In German ?lm industry. The earliest home-grown post-war

 Inthe years following the Second World War, understandably, probing questionsregarding Germany’s recent past were mostly ignored. Public visions of their national past were largelyovershadowed by the fascist regime, their violence andresulting surrender. In the post-war years Germany struggled to come to termswith their country’s devastation but the politics and culture of the late 1950sand early 1960s were to confront this order.

Cinema was to play its part in thereaction to the upheavals and disorder caused to their country and their society.   German ?lm was hampered after the Second World War, as Rentschler noted,’Goebbels’s policies and Allied interventions in equal measure would bearresponsibility for the sorry state of post-war German ?lm culture, itsundeniable local and limited character’ (Rentschler, ‘Germany: Nazism andafter, p.381).  At the end of war thewestern Allies had increased their effort to re-educate and ‘denazify’ theGerman people.  American films wereemployed as an effective way of distributing ideas of freedom, democracy andcapitalist enterprise.  This programmeled to American distributors having a stranglehold the German ?lm industry.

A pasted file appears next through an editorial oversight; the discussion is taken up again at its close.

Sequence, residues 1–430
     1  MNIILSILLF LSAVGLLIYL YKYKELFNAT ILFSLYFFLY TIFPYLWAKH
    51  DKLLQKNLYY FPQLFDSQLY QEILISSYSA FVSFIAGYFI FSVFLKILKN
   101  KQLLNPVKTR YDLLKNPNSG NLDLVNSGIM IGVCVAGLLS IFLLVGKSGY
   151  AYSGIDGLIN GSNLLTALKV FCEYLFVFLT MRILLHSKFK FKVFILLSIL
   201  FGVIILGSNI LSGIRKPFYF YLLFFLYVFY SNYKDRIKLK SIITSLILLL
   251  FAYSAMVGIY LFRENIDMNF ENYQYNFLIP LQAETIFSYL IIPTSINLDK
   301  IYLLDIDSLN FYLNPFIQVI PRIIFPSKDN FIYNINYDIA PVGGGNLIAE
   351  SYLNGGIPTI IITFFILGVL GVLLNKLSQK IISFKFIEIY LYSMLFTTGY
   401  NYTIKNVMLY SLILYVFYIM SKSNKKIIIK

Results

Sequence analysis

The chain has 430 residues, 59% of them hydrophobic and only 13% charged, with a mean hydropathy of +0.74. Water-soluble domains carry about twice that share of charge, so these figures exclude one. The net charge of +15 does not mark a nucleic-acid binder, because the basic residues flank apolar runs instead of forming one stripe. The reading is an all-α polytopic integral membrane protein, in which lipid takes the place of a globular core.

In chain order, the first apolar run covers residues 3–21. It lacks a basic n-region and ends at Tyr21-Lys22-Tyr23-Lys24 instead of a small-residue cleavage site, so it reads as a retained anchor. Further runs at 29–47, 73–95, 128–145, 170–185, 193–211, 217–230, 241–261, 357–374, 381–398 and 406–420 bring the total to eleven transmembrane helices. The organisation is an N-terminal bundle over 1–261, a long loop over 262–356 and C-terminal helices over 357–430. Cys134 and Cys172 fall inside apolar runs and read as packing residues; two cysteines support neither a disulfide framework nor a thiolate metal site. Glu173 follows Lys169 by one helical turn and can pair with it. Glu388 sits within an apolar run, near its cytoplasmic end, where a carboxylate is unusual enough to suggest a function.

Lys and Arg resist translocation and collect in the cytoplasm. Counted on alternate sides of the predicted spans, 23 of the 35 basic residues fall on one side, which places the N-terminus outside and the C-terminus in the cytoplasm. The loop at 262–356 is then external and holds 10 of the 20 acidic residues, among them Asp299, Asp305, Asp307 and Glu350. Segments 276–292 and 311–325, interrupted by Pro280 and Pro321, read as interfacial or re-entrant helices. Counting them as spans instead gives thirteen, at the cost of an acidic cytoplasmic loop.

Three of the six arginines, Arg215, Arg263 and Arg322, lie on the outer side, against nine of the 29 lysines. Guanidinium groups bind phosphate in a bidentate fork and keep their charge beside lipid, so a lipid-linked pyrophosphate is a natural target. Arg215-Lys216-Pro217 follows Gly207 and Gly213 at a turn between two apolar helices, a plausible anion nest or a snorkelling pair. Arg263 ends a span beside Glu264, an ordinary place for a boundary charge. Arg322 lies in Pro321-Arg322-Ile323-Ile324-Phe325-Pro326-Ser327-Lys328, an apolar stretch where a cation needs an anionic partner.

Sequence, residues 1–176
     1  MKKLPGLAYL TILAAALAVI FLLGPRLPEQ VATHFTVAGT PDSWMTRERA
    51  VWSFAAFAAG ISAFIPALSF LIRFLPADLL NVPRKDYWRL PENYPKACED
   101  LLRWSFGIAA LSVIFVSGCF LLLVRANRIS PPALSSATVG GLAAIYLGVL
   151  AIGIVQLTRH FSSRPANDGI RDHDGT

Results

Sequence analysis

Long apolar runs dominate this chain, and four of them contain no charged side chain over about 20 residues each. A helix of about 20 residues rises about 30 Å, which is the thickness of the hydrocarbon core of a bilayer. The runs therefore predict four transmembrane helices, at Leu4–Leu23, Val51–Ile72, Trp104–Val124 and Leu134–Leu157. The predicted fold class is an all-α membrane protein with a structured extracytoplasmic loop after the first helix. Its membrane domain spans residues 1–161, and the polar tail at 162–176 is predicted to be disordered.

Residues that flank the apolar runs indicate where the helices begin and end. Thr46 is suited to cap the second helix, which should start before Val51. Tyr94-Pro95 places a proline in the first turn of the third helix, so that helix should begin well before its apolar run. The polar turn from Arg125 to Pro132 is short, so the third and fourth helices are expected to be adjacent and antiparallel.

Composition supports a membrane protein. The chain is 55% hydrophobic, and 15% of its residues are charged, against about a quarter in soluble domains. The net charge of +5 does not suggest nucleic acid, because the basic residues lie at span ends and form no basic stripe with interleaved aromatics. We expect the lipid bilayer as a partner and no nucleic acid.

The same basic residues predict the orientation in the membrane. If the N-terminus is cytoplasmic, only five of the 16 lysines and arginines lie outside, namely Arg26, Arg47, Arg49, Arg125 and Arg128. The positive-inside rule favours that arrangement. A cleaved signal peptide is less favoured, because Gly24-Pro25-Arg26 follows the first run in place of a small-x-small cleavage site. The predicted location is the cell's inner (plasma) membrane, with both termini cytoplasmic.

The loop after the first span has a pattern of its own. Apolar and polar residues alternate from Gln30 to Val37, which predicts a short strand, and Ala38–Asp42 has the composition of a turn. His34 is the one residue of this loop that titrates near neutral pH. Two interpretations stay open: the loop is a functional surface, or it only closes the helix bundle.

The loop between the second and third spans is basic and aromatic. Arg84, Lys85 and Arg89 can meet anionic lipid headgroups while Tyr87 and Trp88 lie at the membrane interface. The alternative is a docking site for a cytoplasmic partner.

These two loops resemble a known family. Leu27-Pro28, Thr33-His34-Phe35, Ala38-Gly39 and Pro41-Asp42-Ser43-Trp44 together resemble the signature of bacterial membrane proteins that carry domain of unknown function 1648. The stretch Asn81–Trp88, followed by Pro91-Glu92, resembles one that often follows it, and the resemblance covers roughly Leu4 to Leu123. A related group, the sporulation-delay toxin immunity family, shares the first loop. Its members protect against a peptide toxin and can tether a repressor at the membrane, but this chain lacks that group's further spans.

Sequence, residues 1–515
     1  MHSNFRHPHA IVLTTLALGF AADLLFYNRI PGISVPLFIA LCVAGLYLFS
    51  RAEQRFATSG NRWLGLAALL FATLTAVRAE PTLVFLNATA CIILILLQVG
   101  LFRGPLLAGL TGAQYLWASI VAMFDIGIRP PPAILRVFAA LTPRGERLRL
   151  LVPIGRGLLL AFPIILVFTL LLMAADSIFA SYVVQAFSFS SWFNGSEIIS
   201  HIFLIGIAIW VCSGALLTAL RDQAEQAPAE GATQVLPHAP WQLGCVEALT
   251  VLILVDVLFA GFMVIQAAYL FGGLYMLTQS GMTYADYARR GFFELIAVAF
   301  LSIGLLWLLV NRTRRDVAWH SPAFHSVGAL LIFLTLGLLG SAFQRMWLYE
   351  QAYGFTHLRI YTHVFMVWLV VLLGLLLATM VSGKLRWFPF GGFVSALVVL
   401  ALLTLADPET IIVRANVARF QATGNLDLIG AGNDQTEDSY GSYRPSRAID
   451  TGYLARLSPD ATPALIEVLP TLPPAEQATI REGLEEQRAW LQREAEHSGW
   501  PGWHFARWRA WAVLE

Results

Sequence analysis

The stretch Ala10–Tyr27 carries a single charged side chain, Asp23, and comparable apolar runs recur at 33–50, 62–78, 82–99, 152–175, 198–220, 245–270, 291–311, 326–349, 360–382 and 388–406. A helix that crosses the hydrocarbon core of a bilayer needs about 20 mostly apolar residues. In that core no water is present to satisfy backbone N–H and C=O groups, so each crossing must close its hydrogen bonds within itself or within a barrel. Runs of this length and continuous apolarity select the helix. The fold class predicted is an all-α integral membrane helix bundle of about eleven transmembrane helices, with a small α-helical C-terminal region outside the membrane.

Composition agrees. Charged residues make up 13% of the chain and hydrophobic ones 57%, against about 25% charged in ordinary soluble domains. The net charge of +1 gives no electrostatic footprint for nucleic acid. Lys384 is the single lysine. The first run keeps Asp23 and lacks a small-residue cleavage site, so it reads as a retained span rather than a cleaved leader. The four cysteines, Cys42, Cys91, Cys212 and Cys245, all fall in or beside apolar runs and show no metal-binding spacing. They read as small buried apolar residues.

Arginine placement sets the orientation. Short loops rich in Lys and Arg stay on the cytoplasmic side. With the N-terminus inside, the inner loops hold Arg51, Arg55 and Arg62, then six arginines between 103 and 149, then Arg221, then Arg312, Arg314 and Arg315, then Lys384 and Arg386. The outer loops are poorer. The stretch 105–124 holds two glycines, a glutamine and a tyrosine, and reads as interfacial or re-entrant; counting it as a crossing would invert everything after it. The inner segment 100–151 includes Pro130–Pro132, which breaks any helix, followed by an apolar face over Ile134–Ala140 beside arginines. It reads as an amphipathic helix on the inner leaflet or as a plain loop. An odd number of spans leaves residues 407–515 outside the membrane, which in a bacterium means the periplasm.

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  The earliest home-grown post-war productions inGermany were termed Trümmerfilm (‘rubble film’). Thesefilms primarily reflected life in the devastated Germany, with its critical and difficult subject matter.  The films provided an initial reaction to theevents of the Nazi period to the extent of displaying documentary footage fromliberated concentration camps.